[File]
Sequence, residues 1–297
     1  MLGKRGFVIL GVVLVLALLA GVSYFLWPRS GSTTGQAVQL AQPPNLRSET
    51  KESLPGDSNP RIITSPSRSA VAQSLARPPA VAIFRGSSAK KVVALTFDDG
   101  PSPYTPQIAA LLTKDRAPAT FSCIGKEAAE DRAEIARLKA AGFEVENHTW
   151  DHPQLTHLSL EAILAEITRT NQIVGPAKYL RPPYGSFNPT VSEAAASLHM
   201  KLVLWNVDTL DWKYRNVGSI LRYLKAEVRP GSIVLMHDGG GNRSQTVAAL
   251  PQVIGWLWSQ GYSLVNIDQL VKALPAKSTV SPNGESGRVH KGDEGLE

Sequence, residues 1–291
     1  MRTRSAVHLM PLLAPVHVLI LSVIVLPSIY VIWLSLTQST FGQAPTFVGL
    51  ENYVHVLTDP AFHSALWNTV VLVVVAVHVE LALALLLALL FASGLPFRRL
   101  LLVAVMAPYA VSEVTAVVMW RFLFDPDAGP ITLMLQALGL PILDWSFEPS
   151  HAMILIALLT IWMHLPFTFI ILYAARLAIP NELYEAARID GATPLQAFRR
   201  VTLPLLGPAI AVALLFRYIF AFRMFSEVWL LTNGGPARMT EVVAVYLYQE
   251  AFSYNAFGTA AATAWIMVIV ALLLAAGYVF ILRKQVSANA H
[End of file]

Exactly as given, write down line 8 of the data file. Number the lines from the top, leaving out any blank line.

Sequence, residues 1–291